A probiotic regimen might be a good addition to patients that receive anti-programmed cell death protein 1 (anti-PD1) immunotherapy drugs, as investigators at The University of Texas MD Anderson Cancer Center and other institutions have just released new data describing how bacteria that reside in the human digestive tract can influence how melanoma responds to immunotherapy. Findings from the new study—published recently in Science (“Gut Microbiome Modulates Response to Anti–PD-1 Immunotherapy in Melanoma Patients”) could provide a new avenue for research to improve treatment.
Patients with metastatic melanoma treated with anti-PD1 checkpoint blockade have their disease controlled longer if they have a more diverse population of bacteria in the gut or an abundance of certain types of bacteria, according to the MD Anderson team's analysis of fecal samples to assess patients' gut microbiomes. Previous research has shown that a person's microbiome is a modifiable risk factor that can be targeted by diet, exercise, antibiotic or probiotic use, or transplantation of fecal material.
“You can change your microbiome, it's really not that difficult, so we think these findings open up huge new opportunities,” explained senior study investigator Jennifer Wargo, M.D., associate professor of surgical oncology and genomic medicine at MD Anderson. “Our studies in patients and subsequent mouse research really drive home that our gut microbiomes modulate both systemic and antitumor immunity.”
Immune checkpoint blockade drugs that assist the body's immune system to attack cancer cells help around 25% of metastatic melanoma patients, and those responses are not always durable. To assess the impact of the microbiome on these therapies, Dr. Wargo and her colleagues analyzed buccal swabs—tissue samples from inside the cheek—and fecal samples of patients treated with anti-PD1 therapy that blocks the PD1 protein on T cells, which acts as a brake on the immune system. They conducted 16S ribosomal RNA (rRNA) and whole-genome sequencing to determine diversity, composition, and functional potential of the buccal and fecal microbiomes.
Interestingly, while the team found no substantial differences in response or progression based on buccal samples, analysis of fecal samples of 30 patients who responded to treatment and 13 who did not tell a different story.
“We examined the oral and gut microbiome of melanoma patients undergoing anti-PD-1 immunotherapy (n=112). Significant differences were observed in the diversity and composition of the patient gut microbiome of responders (R) versus non-responders (NR),” the authors wrote. “Analysis of patient fecal microbiome samples (n=43, 30R, 13NR) showed significantly higher alpha diversity (p<0.01) and relative abundance of Ruminococcaceae bacteria (p<0.01) in responding patients. Metagenomic studies revealed functional differences in gut bacteria in R including enrichment of anabolic pathways. Immune profiling suggested enhanced systemic and anti-tumor immunity in responding patients with a favorable gut microbiome, as well as in germ-free mice receiving fecal transplants from responding patients.”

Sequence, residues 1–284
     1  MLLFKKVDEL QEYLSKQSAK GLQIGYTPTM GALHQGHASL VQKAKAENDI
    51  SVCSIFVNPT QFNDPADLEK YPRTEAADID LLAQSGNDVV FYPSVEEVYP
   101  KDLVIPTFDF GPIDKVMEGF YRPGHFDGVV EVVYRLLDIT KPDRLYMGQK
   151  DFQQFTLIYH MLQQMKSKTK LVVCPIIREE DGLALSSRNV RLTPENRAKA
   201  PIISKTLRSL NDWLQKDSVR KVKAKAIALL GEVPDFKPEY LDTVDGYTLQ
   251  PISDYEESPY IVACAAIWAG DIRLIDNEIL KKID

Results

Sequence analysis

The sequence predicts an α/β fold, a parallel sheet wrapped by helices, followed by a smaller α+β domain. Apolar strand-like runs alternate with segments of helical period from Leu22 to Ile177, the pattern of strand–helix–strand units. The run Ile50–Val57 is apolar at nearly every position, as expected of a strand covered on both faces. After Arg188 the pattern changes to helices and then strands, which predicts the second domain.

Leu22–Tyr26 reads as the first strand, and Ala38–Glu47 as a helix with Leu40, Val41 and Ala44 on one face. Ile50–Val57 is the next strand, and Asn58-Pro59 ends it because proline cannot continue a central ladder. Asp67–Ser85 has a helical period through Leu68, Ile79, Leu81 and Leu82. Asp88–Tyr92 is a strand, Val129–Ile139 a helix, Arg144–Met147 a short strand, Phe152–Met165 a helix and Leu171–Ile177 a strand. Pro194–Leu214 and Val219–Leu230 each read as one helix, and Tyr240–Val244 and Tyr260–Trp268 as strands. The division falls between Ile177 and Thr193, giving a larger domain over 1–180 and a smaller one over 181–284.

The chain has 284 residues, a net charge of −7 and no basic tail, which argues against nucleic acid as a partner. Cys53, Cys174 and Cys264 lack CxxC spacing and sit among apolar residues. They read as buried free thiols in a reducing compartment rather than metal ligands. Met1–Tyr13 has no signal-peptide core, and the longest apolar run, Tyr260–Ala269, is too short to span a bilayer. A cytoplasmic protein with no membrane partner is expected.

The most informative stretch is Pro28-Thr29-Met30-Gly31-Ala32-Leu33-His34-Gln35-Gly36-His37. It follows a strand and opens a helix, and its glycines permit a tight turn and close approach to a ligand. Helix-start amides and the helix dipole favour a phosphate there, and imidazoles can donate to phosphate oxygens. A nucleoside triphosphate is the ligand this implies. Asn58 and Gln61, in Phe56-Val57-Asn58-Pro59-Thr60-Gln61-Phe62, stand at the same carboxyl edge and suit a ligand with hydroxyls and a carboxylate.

The researchers observed that patients with a higher diversity of bacteria in their digestive tract had longer median progression-free survival (PFS), defined at the time point where half of studied patients have their disease progress. While the patient group with high diversity had not reached median PFS (more than half had not progressed), those with intermediate and low diversity had median PFS of 232 and 188 days, respectively.
Additional analysis showed that responding patients with elevated levels of the beneficial Clostridiales/Ruminococcaceae had greater T-cell penetration into tumors and higher levels of circulating T cells that kill abnormal cells. Those with abundant Bacteriodales had higher levels of circulating regulatory T cells, myeloid-derived suppressor cells, and a blunted cytokine response, resulting in dampening of antitumor immunity.
To investigate causal mechanisms, the team transplanted fecal microbiomes from responding patients and nonresponding patients via fecal microbiome transplant (FMT) into germ-free mice. Those receiving transplants from responding patients had significantly reduced tumor growth as well as higher densities of beneficial T cells and lower levels of immune suppressive cells. They also had better outcomes when treated with immune checkpoint blockade.
Though the researchers were excited by their findings, they noted that there is still much to learn about the relationship between the microbiome and cancer treatment, urging people not to attempt self-medication with probiotics or other methods.